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Who's the breadwinner and does it matter in family cases?

Who’s the breadwinner and does it matter in family cases?

Who’s the breadwinner?

When a married couple or those in a civil partnership are separating after a relationship breakdown, one of the key aspects each party thinks about early on is how are they going to manage their individual finances on their own and whether they are going to need on going support (either short or long term) from their ex-partner.

The term ‘Breadwinner’ is often mentioned in such circumstances although in modern day society it now has quite a different meaning. In days gone by the ‘breadwinner’ in a relationship was usually the man as it was assumed that whilst he went out to work, the woman would keep house and raise the children. However, it is now 2024. Gender roles have changed, same sex marriages are now possible and realistically either party could be seen as the breadwinner in the relationship.

Regardless of whether or not there is a clear ‘Breadwinner’ in the relationship, if the marriage or civil partnership has broken down the starting point is equal division of the finances and assets. It is possible to move away from equal division but the party wanting more must make the case they have a genuine need for more. A Court will look at the future income and earning capacity as well as the needs of each party going forward.

Ideally both parties will be able to negotiate and agree mutually acceptable terms of settlement without the need for a judge to preside over the case. The agreed terms can be recorded in some way; either by a Separation Agreement if formal divorce/dissolution proceedings have yet to begin, or by a Financial Remedy Order if proceedings have started.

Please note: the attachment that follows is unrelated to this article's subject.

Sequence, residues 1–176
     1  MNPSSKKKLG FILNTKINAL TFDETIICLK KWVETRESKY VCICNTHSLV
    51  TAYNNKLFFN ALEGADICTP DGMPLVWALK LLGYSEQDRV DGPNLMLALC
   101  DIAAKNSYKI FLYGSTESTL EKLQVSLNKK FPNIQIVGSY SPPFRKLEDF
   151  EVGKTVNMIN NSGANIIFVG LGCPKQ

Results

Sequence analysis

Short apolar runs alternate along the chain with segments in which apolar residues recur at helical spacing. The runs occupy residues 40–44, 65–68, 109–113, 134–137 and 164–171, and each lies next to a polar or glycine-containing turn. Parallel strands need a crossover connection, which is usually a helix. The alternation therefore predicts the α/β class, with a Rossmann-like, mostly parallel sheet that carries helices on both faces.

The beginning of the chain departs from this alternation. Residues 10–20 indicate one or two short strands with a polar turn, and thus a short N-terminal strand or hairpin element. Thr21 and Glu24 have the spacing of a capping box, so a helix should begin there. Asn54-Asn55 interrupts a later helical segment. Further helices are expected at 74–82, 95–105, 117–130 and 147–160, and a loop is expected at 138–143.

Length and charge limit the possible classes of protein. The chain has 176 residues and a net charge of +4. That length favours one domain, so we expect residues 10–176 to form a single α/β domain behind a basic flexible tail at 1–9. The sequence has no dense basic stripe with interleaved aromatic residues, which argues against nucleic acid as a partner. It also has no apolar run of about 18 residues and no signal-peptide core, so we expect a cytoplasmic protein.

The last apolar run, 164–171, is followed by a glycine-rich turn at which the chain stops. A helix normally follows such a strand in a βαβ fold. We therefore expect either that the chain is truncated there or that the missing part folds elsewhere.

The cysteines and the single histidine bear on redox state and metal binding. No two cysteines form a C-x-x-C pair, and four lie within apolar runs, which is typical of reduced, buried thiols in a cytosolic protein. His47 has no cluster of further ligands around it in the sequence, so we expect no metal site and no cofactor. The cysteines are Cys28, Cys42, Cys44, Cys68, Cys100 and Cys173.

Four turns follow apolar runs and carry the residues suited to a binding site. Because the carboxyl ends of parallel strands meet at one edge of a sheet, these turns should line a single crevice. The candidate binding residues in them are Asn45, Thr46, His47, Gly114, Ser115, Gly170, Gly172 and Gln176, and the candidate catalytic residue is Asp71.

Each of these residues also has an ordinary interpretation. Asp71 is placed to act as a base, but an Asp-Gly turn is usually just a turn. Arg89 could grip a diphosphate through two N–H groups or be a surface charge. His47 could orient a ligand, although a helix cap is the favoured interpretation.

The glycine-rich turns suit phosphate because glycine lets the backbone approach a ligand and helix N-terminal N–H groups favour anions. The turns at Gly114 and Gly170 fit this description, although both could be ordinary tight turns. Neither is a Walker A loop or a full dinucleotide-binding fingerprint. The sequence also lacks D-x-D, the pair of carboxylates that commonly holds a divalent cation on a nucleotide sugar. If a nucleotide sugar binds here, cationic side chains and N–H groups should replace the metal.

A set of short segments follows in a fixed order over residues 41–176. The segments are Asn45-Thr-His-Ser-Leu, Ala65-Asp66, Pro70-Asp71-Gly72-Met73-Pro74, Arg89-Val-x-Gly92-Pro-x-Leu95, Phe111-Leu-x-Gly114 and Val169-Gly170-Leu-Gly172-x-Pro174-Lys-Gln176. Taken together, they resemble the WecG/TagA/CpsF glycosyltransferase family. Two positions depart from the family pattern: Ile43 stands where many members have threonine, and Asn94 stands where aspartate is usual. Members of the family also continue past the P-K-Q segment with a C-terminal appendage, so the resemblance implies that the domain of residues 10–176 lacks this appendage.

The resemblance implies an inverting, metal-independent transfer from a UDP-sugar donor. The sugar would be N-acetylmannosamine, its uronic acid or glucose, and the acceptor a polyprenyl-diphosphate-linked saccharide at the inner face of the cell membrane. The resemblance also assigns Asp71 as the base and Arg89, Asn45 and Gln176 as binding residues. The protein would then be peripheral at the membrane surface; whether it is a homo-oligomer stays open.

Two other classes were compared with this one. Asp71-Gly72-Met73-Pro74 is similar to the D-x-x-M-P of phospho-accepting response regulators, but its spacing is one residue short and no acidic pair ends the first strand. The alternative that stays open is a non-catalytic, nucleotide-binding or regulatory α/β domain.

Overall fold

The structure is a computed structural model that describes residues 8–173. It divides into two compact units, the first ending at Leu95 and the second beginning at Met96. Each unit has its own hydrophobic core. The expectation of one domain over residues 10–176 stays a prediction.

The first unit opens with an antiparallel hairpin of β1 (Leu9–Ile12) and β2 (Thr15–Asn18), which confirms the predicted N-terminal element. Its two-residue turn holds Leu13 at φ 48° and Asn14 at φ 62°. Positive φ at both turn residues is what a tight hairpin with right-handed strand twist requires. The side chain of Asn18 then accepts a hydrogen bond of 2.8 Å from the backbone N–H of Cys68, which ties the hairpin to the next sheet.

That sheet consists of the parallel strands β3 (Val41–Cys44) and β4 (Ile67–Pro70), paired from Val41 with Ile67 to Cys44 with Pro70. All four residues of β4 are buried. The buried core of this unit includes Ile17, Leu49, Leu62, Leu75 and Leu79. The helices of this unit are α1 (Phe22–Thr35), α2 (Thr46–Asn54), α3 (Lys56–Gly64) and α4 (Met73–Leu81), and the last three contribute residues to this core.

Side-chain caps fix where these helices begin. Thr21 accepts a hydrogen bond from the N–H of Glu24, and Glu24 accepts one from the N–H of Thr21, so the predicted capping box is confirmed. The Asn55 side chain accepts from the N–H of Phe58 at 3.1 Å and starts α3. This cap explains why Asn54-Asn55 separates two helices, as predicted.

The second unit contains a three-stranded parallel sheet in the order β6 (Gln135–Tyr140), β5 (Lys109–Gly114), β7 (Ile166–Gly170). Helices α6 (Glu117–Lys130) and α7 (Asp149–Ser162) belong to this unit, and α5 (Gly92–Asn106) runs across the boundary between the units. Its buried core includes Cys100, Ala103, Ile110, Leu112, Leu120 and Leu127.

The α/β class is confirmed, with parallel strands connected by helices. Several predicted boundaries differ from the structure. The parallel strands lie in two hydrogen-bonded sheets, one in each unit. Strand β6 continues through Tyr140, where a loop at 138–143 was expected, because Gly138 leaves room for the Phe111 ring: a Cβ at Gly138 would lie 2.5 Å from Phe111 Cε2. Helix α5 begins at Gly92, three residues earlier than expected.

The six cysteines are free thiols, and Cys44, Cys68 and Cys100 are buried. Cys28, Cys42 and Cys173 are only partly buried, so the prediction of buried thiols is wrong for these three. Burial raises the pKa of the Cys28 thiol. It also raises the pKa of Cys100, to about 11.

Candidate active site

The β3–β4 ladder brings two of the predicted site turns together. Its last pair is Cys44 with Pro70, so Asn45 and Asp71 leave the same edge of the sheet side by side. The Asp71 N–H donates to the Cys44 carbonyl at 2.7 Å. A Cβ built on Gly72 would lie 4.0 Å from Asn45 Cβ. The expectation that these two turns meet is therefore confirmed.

As part of the settlement terms, the parties may be able to agree some on-going financial support from one to the other (known as spousal maintenance) with the terms including how much is to be paid and how long for. The Court likes to see parties reach a full clean break at the earliest opportunity with both parties paying their own way to independence. Therefore, any ongoing financial support from one party to the other is likely to need to have a clear end date.

For anyone experiencing a relationship breakdown, getting legal advice from the outset can be of benefit both financially and emotionally. Speak to our experienced family law solicitors today at Kerseys Solicitors in Ipswich at [email protected] or telephone 01473 213311, Kerseys Solicitors in Felixstowe at [email protected]  on 01394 834557 or Kerseys Solicitors in Colchester at [email protected] on 01206 584584.

Kerseys Solicitors are just a click away visit our website and click “Call Me Back” and a member of our family law team will be happy to contact you at a time that is convenient to you.

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